I don’t know why we don’t advocate birth control more strongly….. especially with parents who are so clearly incompetent.  I had a few cases where judges would rule a mother had to show up for her depo shot every 12 weeks and if she failed to show up, she is in serious jeopardy of losing custody of the kids she did have.  It worked like a charm…. most of the time. 

Post # 23
Member
615 posts
Busy bee
  • Wedding: September 2011

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@Ree723: I kinda understand where you are coming from. I worked with a sexually abused child. He had 6 siblings and they were all sexually abused as well. The mother lost custody after she let a child molester watch the children while she met her online boyfriend in another country! I worry about children in these situations. I wish someone would have prevented her from being able tohave custody of any children.

Post # 24
Member
1463 posts
Bumble bee
  • Wedding: February 2011

It always amazes me that we need a licence to drive a car, a permit to carry a gun, have to be 18 to vote and drink (in NZ), yet anybody of any age can reproduce and bring up children!

And not to be judgemental or shallow but when it comes to the some of the parents I see in my line of work it’s a wonder they found somebody prepared to get close enough to impregnate them!!

Post # 25
Member
4766 posts
Honey bee
  • Wedding: November 1999

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@Kemma:

I agree, and with alcohol and tobaco, it’s just you its affecting, but with kids that’s another whole life you’re completly responsible for.

Even when people adopt pets they need to prove they are of good character and can afford the thing.

The main problem is that there is really no feasable way of giving people a licese to have a kid or anything.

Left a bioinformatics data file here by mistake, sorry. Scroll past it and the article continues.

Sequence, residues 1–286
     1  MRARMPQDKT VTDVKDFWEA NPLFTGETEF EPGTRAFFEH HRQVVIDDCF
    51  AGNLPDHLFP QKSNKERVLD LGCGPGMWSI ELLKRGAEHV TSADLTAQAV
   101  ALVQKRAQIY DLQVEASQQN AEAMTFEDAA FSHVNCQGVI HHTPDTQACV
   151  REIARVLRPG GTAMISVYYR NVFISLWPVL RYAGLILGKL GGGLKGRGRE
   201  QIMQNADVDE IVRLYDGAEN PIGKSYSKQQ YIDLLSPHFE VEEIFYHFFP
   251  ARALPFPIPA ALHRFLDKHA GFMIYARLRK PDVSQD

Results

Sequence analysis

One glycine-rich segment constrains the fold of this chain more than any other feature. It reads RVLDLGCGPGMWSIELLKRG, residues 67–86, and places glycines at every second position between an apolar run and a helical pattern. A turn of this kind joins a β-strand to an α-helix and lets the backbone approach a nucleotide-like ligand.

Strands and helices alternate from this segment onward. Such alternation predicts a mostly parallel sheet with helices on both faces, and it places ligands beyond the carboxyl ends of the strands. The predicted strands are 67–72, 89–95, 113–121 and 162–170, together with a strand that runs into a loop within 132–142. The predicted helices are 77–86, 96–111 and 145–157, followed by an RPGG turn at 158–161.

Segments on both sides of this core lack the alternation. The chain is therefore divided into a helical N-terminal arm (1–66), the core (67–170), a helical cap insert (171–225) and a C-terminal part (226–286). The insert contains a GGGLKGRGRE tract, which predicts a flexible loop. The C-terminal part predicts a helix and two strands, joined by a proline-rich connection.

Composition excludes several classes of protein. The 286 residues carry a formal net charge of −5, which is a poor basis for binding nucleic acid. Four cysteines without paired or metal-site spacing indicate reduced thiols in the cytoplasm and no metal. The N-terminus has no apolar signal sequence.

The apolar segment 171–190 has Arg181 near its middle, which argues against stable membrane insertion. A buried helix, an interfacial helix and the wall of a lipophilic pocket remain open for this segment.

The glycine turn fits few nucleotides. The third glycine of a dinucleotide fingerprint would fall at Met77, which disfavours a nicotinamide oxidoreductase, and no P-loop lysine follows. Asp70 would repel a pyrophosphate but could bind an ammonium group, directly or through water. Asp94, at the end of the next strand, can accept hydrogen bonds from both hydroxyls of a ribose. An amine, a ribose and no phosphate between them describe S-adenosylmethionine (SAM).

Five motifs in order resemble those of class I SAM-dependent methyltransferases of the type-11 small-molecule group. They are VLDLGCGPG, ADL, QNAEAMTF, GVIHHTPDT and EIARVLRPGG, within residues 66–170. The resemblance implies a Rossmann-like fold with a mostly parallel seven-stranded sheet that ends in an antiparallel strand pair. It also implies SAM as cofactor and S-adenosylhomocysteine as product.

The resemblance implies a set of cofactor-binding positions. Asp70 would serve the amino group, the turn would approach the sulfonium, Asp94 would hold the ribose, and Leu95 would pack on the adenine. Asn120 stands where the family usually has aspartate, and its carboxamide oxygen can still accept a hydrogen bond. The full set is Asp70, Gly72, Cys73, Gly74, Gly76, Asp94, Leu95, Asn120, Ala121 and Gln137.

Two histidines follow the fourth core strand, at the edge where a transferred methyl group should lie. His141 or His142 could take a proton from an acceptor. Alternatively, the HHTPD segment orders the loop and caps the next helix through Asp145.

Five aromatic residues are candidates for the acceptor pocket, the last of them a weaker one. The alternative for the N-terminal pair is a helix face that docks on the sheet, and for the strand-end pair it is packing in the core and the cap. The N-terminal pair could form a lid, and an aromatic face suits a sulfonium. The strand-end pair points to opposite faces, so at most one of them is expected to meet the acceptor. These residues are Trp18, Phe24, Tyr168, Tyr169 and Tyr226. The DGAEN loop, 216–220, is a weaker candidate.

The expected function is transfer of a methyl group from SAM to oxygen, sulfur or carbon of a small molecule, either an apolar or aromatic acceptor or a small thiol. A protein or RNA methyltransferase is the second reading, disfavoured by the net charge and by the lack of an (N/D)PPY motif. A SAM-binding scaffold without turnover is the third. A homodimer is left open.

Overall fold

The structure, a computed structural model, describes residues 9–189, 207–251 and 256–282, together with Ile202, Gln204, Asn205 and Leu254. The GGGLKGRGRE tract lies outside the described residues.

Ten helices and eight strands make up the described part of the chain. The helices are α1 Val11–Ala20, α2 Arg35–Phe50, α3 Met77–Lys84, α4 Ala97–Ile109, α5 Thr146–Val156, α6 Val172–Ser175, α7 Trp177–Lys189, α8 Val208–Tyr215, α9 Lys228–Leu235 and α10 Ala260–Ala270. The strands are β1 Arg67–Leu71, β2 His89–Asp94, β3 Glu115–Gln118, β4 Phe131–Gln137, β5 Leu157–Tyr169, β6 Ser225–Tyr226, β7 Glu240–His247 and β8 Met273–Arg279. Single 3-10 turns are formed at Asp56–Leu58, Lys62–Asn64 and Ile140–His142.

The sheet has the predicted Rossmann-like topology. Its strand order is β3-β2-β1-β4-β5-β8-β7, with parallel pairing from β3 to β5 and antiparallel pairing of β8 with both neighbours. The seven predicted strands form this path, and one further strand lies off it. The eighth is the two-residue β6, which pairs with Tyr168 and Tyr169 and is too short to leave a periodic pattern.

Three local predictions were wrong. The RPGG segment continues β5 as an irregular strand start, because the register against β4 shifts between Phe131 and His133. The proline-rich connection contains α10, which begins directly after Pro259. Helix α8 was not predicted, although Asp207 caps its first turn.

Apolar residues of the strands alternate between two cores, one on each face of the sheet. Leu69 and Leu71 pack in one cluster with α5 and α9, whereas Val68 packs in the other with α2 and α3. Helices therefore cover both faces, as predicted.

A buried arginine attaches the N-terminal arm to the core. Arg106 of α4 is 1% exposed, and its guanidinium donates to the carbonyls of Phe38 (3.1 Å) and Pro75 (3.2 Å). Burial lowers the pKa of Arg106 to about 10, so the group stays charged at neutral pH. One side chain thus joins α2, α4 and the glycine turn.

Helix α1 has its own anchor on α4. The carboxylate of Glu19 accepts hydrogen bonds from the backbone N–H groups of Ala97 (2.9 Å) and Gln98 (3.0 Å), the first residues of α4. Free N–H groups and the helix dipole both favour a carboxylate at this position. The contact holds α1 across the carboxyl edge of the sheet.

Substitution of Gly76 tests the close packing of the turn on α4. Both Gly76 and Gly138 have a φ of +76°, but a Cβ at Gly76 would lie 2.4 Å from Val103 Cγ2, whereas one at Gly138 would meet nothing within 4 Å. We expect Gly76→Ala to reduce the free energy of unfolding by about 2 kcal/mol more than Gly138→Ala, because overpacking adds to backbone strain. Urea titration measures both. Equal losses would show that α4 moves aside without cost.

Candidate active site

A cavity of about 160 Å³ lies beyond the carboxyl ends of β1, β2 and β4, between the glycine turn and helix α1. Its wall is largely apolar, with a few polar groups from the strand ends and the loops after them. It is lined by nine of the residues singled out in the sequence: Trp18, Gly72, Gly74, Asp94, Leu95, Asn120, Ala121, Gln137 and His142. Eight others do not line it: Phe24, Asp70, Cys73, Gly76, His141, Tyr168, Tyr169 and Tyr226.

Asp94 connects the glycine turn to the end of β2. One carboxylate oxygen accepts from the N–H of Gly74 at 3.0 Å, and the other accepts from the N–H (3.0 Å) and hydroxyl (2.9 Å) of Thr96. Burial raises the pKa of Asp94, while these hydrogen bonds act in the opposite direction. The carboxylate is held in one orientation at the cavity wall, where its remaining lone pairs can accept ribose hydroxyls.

Post # 26
Member
7995 posts
Bumble Beekeeper
  • Wedding: October 2010

I don’t think being poor is a crime.  But if someone hurts their child they should be sterilized.

Post # 27
Member
14492 posts
Honey Beekeeper
  • Wedding: June 2011

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@Ms Mini: they tried that – it was call fascism.

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@newbiecici: agree!

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@tootietoo2: there is birth control in the water.  Nationwide water is contaminated with estrogen of different forms, but what scientists are concerned about the most is the BC pill that is ending up in the waterways and drinking water.  The feminization of fish has been a worry for fish populations for years, and they are just now starting to do studies on how it is effecting human populations.

Post # 28
Member
2560 posts
Sugar bee
  • Wedding: July 2010

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@tksjewelry: Try working where I work for a day and you will be all for it. Trust me.

Post # 29
Member
3788 posts
Honey bee
  • Wedding: July 2011

You are raising multiple issues in this post, and I will try to address them separately:

1) Should the government control family size?

2) Should poor people have children they cannot afford?

Unfortunately, you’ve approached it from a Western developed country middle class perspective, and so you lumped these things together, prompting replies discouraging eugenics and bristling at the potential invasion of illusory freedoms.